From Readers: Central Subway won’t rip up Stockton Street

I’d like to point out to the writers of a Wednesday letter about the Central Subway project that there will not be a huge trench up Stockton Street as there was along Market Street when BART was constructed.

The depth of the new tunnel would require a deep boring machine or two in order to get under the BART subway structure and under the eastern side of Nob Hill. I am not saying that there will not be any disruptions or inconveniences, but this project would be different from BART.

Irving Q. Waldorf, San Francisco

Actually, Prop. B can work

A Friday Examiner letter stated that “Proposition B will have an extraordinarily negative impact on lower-paid city workers,” citing “gardeners and health care aides.” Which city is he talking about?

According to the San Francisco Controller’s Office, in the 2010-11 budget, the average annual wages and benefits, including any furlough days, is $83,057 for gardeners and $174,418 for nurses.

The letter further stated that Prop. B “offers no structural solution to the current fiscal crisis.” In fact, the opposite is true. Concessions and givebacks recently conceded by labor to balance the current 2010-11 budget were temporary, consisting primarily of temporary furlough days and deferred raises.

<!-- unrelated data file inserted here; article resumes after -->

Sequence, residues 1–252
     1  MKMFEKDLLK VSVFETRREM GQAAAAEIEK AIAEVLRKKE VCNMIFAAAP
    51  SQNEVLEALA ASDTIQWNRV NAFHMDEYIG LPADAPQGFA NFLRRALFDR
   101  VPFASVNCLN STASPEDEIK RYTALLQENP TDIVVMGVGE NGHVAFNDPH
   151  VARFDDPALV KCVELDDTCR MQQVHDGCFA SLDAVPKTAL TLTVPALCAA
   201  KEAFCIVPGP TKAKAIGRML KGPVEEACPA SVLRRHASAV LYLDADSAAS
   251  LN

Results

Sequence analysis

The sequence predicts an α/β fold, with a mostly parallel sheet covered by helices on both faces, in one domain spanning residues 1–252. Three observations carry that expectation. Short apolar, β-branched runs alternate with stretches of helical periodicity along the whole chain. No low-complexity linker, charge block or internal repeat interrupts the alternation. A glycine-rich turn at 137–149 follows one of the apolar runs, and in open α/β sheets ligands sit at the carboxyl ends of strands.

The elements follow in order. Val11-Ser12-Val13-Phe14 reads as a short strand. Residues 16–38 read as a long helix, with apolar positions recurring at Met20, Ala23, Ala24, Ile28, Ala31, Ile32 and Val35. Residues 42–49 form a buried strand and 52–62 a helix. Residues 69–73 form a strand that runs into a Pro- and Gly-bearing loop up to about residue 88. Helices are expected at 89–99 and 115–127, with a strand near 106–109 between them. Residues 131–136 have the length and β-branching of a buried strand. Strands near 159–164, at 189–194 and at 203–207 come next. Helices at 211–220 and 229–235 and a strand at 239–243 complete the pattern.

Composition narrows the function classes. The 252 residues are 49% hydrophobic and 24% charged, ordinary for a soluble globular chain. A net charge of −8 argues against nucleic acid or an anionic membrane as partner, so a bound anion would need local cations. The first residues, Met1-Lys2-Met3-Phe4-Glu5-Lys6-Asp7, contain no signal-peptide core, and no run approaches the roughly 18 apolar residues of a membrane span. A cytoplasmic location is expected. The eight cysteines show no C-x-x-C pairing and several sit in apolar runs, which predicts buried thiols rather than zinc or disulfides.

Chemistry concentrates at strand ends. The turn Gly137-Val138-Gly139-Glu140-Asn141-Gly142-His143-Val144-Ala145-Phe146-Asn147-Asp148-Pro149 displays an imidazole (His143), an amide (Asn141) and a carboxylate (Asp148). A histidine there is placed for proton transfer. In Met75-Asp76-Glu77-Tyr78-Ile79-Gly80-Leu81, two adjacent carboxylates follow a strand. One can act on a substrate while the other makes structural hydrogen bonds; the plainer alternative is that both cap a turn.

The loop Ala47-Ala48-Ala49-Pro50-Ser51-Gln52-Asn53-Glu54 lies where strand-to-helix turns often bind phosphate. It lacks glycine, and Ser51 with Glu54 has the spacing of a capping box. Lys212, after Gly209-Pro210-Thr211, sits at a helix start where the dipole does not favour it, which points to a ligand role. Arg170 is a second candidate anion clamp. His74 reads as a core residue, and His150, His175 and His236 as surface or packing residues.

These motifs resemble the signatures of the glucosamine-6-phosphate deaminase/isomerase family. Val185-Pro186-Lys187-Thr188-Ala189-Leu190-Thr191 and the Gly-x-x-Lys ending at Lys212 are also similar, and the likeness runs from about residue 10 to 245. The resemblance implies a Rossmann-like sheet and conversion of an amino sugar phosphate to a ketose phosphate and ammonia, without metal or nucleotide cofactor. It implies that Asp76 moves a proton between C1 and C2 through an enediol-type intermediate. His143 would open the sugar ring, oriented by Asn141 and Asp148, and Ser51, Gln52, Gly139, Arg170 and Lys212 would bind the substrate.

These concessions did nothing to address The City’s $787 million structural deficit that made Moody’s Investor Service downgrade our long-term debt to “negative.” Prop. B provides permanent increases in pension and health contributions from city employees and directly addresses The City’s structural fiscal crisis.

Ryan Chan, San Francisco

Staffer was a disaster

I dispute Ken Garcia’s Friday infomercial for Mayor Gavin Newsom’s departing development czar, Michael Cohen. The man Garcia describes as “arguably the most important staffer in Newsom’s administration” was actually its biggest disaster.

He used bond funds designated for underserved neighborhoods to rehab Harding Park for the PGA Tour. On Hunters Point, he became a lap dog for the developer, to the detriment of the current residents who won’t be able to remain there if the project ever gets built.

As for Treasure Island, its movement forward was not because of Cohen, it was because the developer of the Ferry Building rescued the project when it was near death.

Cohen also almost killed the Transbay Transit Center expansion by siding with the developer of a planned high-rise at 80 Natoma St. that would have blocked train access to the station.

Finally, Cohen was Newsom’s point man with the 49ers, and it was on his watch that the team decided to abandon San Francisco and move to Santa Clara.

John Brennan, Corte Madera

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